Evangelism is a $20 word few in the Church really understand – or care to understand.  We think (or prefer) it be a task reserved only for a select few who are specifically called and gifted to this ministry of “making outsiders into insiders” (Brueggemann), but that is not correct.  It is the Task of the Whole and Holy Church to not only “make outsiders into insiders” but to also “summon insiders to [restored] memory” (Brueggemann).

In order to recapture this memory, then, the sense and urgency of evangelism must be re-envisioned and reawakened in “perfect submission” – not “progressively” but faithfully and consistently.  There is no component of the Church, no program, no committee – NONE – that can be separated from the essential mission of the Church which is evangelism – TELLING the Good News.  Family life, membership care, even administrative and finance functions must all work toward the task of evangelism – both inside the church and out. 

But before we can – or should even try – to recapture that urgency, we must be willing to see everything in the Resurrection of Messiah there is to see … because we cannot tell it if we never saw it – and we cannot share it if we refuse to experience it ourselves.

During the rebuilding period of Ezra/Nehemiah, the people of Israel were being reminded of what “progressive amnesia” had done to them.  The restoration of Jerusalem and the Temple as the central feature of their being as the people of The Lord would not only require a lot of hard work and devotion to the task at hand, but they would also have to have their memory restored.  They had to distance themselves from their present reality in order to reconnect to their past, find their roots, and learn to stand on the foundation long established and still present – but long forgotten. 

The Rebuild / Reconnect / Restore Process required – and requires still - that The Word of The Lord be “resurrected”, in a manner of speaking – not “progressively” adjusted or modified to fit the times – because the “times”, such as they are, are fleeting and passing.  The Word is to be embraced, lived, and experienced as though there is no other Way (as Jesus is The Way) – indeed for the faithful there is no other way as it is undeniably written, “Your Word, O Lord, is firmly fixed in Heaven.”  That is, Eternal and thus unchanging.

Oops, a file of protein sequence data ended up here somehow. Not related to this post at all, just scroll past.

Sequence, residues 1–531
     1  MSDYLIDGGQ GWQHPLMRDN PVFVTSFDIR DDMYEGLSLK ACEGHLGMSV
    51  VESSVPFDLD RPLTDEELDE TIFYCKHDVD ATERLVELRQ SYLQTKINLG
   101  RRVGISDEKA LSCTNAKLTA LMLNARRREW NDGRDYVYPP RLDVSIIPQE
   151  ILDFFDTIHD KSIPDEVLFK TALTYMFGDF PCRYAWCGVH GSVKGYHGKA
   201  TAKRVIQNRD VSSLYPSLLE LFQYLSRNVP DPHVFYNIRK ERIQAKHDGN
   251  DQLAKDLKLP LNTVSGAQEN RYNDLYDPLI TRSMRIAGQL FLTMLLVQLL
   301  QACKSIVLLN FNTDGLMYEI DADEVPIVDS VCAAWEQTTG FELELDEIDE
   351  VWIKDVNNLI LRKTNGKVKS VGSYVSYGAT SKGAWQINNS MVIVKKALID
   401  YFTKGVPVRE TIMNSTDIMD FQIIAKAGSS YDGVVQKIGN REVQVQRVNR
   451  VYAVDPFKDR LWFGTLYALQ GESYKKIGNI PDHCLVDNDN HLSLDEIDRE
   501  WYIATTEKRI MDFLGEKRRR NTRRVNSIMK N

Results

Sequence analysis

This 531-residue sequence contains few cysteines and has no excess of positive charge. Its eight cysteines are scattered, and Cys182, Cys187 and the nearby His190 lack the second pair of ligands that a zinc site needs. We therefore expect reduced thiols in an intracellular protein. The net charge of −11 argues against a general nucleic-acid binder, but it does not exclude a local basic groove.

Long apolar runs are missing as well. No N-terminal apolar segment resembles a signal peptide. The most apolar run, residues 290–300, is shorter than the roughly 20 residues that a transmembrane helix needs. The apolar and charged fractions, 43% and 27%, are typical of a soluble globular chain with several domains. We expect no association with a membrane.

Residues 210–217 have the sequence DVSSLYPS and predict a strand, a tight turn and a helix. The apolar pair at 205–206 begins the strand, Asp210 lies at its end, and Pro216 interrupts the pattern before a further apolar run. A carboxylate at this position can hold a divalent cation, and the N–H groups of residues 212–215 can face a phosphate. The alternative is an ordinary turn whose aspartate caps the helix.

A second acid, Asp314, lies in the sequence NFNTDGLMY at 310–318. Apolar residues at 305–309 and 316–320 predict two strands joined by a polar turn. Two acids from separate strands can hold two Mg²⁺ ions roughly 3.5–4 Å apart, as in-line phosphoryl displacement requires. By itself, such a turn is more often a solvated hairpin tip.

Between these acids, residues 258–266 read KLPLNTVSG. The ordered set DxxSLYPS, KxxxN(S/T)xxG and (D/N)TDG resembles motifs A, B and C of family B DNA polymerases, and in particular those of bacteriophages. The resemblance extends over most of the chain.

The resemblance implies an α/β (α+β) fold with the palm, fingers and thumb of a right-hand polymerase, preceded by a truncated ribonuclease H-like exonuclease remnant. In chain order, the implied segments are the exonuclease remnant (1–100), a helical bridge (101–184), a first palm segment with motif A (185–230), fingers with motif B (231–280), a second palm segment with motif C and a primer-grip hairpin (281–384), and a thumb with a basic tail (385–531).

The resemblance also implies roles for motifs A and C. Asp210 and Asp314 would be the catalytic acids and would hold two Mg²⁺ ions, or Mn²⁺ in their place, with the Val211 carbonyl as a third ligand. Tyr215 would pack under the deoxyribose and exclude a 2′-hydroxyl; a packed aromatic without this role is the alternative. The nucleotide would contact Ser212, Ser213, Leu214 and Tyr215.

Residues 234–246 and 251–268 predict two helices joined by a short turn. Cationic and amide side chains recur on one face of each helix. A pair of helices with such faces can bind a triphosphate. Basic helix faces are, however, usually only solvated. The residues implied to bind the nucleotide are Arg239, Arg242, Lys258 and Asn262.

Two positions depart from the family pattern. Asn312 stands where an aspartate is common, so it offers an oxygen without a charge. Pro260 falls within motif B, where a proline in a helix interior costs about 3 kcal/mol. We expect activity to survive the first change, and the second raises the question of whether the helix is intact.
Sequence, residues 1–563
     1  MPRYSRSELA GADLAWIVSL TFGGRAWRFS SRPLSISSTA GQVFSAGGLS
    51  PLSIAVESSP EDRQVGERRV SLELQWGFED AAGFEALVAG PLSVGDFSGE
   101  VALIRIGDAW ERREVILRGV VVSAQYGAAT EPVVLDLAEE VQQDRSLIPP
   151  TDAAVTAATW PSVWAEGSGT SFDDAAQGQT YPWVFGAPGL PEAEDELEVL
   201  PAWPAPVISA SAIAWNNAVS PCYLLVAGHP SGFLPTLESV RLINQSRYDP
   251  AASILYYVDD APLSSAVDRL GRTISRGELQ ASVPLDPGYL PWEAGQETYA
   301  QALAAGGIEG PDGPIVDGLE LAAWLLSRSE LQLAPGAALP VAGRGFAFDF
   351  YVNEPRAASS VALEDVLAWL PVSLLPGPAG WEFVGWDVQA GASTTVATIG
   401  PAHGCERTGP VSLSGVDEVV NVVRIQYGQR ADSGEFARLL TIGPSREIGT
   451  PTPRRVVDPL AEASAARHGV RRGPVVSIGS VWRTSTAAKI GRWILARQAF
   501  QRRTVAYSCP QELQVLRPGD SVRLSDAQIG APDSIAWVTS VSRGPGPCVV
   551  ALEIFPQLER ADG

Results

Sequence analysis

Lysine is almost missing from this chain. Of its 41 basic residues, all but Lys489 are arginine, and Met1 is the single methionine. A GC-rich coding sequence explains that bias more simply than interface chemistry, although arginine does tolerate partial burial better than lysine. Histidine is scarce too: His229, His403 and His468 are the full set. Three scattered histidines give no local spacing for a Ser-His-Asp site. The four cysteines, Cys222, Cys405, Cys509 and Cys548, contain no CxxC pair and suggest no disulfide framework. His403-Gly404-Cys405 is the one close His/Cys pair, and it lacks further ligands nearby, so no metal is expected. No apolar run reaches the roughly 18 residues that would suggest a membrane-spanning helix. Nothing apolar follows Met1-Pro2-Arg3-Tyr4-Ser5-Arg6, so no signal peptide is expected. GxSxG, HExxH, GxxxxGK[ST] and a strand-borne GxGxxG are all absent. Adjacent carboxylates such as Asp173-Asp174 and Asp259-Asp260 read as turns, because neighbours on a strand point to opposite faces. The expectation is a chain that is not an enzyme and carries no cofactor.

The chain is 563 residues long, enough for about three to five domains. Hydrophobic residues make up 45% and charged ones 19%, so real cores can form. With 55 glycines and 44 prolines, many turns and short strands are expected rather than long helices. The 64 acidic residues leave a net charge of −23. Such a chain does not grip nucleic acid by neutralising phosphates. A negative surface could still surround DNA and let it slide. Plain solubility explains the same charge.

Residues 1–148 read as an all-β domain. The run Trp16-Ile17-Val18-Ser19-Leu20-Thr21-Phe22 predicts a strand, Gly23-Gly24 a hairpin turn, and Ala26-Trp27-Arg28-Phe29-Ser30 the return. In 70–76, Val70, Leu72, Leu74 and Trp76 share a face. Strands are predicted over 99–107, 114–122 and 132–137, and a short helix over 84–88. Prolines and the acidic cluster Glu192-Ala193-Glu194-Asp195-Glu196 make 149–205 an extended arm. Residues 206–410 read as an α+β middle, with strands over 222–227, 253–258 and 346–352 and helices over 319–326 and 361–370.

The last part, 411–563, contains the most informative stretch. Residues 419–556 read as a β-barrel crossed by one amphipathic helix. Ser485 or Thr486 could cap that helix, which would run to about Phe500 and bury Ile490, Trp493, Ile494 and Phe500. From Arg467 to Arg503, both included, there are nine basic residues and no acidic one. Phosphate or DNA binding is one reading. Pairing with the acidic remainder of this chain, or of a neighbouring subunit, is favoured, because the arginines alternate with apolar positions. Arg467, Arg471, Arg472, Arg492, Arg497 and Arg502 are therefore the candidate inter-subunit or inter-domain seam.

The challenge of the Church is that this same Word must be “firmly fixed” and faithfully lived to the bitter end “on earth as it is in Heaven” – even at the expense of our own lives, our own “sweat as drops of blood”.

The Resurrection reveals and promises much more than the mere restoration of the body.  We will witness the “glorified form” of the Body of Christ in its perfection – having given His all without ever lashing out, striking back, or making personal demands.  Living the Word, BEING the Word.  It is The Resurrected Word perfected in Jesus’ faithfulness which has been raised to Glory.  It is the Eternal Word which “is seated at the Right Hand of The Almighty God”.  It is the Eternal Word which will come to “judge the living and the dead” (as in, “Lord, Lord, did we not?” … “I never knew you; depart from Me, you who practiced lawlessness”).

The enduring love of our Eternal God and Savior is the Resurrection of the Eternal Word “firmly fixed” on earth in Messiah – and in His disciples.  The profound Love in that Word would not – could not – be buried even by those who once rejected that Word according to the desires of the flesh.  What we see – if we dare to look – is that Word which is by its very nature indestructible in its faithfulness!  As will be all who embrace and experience this Word as their very own “delight”!!  AMEN.

No comments: